There’s no way to bring back all those steel plants and steel jobs, even if we stopped all imports. Partly that’s because a modern economy doesn’t use that much steel, partly because we can produce steel using many fewer workers, partly because old-fashioned open-hearth plants have been replaced by mini-mills that use scrap metal and aren’t in the same places. So this is all a fantasy.

.. You may remember Bernie Sanders using Denmark as an example. It’s a good one: much better wages, a much stronger social safety net, a mostly unionized work force. But Denmark is as open to world trade as we are. It’s domestic policies — from taxing and spending decisions to pro-labor policies in the service sector — that make the difference. Universal health care and the right to organize matter a lot more for workers than trade policy.

.. Why does the president of the United States have the authority to make decisions (such as imposing tariffs) that have significant impacts on the economy, trade, relationships with allies, etc. — with impunity, and with no input from Congress? What path should Congress be taking to restrict his powers.— Ricky, Saint Paul, Minn.

PK: Actually, Congress voluntarily limited its own role, to protect itself from special-interest politics: it votes big trade deals up or down on a single vote, then stays out of it.

.. However, these powers aren’t supposed to be used arbitrarily: there’s supposed to be an independent study of the issue, and the president acts on the basis of that study. What’s happening with Trump is an abuse of the process: the Commerce Department came up with an obviously bogus national security rationale for tariffs Trump wanted to impose for other reasons.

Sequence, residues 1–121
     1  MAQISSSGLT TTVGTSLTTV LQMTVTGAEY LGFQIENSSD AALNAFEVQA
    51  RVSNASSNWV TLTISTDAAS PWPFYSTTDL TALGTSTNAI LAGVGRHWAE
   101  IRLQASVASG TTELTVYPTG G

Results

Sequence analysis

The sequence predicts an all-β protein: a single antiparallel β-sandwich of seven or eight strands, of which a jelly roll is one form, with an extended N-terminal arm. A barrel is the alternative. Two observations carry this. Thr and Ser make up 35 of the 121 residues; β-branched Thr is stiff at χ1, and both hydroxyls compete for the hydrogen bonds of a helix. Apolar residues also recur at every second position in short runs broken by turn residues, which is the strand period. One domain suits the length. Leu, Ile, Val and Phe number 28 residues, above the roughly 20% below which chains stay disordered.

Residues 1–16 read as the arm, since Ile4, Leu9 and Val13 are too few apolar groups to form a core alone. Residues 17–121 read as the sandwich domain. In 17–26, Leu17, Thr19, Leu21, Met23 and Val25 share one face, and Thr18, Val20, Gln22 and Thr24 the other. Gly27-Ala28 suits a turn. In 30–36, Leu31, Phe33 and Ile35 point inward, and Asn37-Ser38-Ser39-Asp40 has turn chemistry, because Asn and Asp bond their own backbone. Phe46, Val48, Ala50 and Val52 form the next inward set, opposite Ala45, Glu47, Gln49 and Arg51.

So we have a process that gives presidents some discretion, for pretty good reasons — but one that assumes that said presidents will act honestly and responsibly. It falls apart when you’re dealing with someone like Trump.

.. PK: President Oprah Winfrey, or whoever, can undo these tariffs with a stroke of the pen. However, we might get into a full-scale trade war before that happens, and in any case the U.S. has already lost its reputation as a reliable negotiating partner.

.. PK: Basically, we have persistent trade deficits because we have low savings and remain an attractive place for foreigners to invest. And as a result, the U.S., which was a creditor country before we began running persistent deficits since 1980, is now a net debtor.

But you want to keep some perspective. Our “net international investment position” — overseas assets less liabilities — is about -45 percent of G.D.P., which isn’t that big a number, all things considered. For example, it’s less than 10 percent of our national wealth.

And the idea that this gives foreigners a lot of power over America has it backward. On the contrary, in a way it makes them our hostages: China has a lot of money tied up in America. Suppose they tried to pull it out: the worst that could happen would be a fall in the dollar, which would be good for U.S. manufacturing and inflict a capital loss on our creditors.

Lot of things worry me; our foreign debt, not so much.